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HealthInfo Waitaha Canterbury

Overview of thumb arthritis

Tirohanga whānui ki te pona ngoikore kōnui

It is common for arthritis (osteoarthritis) to affect your thumbs. Depending on how bad it is, this can make it hard to do everyday tasks. For example, opening jars and doors, doing crafts and hobbies or working in the garden. It often gets worse over time.

Osteoarthritis often happens in both thumbs, but one thumb is likely to be worse than the other.

You are more at risk of arthritis of the thumb is you are over 40, have had a previous injury to the area or your job involves repetitive movement of your thumb. It is also more common in women than men.

Symptoms of thumb arthritis

Pain is the first and most common symptom of arthritis of the thumb. You can get pain at the base of your thumb when you grip, grasp or pinch an object, or when you use your thumb to apply force.

Other signs and symptoms might include:

Diagnosing thumb arthritis

Your doctor will ask you about your symptoms and examine your thumbs. They may suggest an X-ray to confirm that you have arthritis in your thumb, but this is not always necessary. They may be able to diagnose arthritis based on your symptoms and what they can see.

Self-care for thumb arthritis

How you manage day-to-day activities can make a big difference to the impact thumb arthritis has on your lifestyle. See Self-care for thumb arthritis for self-care measures that may be helpful.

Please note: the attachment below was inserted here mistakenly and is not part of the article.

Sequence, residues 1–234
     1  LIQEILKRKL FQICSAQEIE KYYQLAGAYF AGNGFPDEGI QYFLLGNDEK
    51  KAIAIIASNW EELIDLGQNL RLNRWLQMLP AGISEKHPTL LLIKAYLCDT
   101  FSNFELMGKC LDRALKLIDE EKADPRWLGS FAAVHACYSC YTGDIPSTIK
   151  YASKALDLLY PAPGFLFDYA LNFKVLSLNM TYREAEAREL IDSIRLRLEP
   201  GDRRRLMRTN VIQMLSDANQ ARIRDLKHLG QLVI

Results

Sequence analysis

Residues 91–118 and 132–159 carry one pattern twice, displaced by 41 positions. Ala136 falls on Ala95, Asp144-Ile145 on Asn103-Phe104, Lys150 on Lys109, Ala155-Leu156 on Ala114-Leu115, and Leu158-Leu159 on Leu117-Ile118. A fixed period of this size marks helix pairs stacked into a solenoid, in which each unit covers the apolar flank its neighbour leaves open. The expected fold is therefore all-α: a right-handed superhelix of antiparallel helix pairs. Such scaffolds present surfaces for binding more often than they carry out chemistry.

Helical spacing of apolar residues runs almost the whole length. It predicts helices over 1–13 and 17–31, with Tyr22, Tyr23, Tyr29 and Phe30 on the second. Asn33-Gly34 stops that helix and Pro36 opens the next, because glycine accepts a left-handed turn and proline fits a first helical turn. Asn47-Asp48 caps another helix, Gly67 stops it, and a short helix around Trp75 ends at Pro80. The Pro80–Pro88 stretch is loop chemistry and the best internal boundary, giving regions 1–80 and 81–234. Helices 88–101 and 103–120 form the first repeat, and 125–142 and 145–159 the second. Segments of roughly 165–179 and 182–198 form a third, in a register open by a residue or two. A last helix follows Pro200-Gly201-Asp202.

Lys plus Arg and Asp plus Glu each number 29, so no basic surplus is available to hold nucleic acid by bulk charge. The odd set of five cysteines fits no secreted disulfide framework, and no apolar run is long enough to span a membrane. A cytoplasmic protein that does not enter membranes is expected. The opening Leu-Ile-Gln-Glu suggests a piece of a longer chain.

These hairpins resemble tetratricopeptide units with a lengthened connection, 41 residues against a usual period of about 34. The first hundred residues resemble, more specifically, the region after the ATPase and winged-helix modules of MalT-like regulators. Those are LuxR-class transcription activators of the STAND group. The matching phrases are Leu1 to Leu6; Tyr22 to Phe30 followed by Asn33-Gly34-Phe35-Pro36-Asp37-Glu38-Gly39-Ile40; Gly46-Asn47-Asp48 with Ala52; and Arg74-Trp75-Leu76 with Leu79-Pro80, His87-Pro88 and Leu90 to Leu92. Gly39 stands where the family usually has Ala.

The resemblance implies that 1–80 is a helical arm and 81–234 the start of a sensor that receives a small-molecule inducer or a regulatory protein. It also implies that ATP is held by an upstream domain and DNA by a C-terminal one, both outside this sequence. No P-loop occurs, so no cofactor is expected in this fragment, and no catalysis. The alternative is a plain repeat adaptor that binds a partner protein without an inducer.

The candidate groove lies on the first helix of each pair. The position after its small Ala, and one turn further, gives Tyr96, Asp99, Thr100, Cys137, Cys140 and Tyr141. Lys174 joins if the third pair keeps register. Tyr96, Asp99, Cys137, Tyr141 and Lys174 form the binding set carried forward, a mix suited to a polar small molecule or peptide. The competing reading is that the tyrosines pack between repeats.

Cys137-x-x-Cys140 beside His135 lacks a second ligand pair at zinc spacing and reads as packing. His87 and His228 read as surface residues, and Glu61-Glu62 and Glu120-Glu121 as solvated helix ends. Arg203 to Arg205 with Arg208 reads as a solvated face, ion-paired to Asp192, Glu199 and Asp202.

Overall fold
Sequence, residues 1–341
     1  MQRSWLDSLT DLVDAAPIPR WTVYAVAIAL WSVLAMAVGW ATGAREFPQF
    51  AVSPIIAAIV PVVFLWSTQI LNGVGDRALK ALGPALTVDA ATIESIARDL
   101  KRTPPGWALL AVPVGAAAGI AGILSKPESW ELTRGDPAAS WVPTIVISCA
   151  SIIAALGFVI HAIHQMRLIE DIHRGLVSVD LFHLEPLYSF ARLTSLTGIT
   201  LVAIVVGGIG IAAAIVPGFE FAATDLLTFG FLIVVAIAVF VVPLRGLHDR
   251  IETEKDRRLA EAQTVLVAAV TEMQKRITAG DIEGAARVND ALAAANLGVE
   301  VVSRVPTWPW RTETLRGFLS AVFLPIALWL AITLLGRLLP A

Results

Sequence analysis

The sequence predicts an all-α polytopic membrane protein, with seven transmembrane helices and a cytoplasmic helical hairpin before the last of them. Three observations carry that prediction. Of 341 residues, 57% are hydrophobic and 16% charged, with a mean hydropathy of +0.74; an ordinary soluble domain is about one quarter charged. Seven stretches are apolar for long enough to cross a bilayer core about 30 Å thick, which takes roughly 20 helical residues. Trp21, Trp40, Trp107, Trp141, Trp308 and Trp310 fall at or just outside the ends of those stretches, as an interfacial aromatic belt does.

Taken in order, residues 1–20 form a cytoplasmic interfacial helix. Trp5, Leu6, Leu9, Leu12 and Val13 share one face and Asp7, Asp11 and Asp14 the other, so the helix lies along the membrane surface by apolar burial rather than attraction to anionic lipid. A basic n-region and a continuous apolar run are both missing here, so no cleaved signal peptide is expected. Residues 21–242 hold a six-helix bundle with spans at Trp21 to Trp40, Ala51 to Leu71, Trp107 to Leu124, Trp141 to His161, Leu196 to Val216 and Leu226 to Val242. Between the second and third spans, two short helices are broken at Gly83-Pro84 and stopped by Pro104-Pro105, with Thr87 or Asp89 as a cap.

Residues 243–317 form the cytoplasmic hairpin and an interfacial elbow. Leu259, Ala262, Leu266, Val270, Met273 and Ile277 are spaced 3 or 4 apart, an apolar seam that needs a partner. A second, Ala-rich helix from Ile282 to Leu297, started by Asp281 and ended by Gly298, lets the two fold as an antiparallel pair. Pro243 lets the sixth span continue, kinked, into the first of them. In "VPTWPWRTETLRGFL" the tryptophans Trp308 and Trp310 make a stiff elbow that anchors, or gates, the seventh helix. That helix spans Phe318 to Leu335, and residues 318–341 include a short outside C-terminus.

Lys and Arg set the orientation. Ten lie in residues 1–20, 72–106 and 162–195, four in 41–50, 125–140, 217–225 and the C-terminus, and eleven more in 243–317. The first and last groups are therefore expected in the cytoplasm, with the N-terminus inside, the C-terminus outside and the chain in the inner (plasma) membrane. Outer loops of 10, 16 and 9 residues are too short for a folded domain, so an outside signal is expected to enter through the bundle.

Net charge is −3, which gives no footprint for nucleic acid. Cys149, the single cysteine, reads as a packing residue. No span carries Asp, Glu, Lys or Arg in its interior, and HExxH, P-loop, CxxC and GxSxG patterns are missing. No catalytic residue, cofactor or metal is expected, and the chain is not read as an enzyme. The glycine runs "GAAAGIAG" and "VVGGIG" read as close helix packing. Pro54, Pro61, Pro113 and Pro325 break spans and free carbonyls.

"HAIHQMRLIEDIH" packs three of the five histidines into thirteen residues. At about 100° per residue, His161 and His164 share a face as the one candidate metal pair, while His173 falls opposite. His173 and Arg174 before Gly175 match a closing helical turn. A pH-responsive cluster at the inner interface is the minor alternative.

Treating thumb arthritis

Your general practice team may prescribe medication. They may also suggest a steroid injection into your thumb joint. This can reduce pain and inflammation and make it easier to use your hand.

A hand therapist will also be able to help, especially if your thumb is not too deformed by the arthritis. They can make splints to take the pressure off your thumb when you are using your hands. These can be rigid or soft, depending on what works best for you.

Your hand therapist can also give you exercises to reduce your pain and inflammation and increase the flexibility and stability of your thumb. This will make it easier for you to use your hands.

An occupational therapist may be able to help you find different ways to do things and learn how to use any special equipment.

If these treatments do not help, your general practice team may consider referring you to see an orthopaedic surgeon. The orthopaedic surgeon may suggest an operation. In this case, your general practice team is likely to send you for an X-ray to find out how damaged your thumb joint is.

On the next page: Self-care for thumb arthritis

Written by HealthInfo clinical advisers. Last reviewed July 2024.


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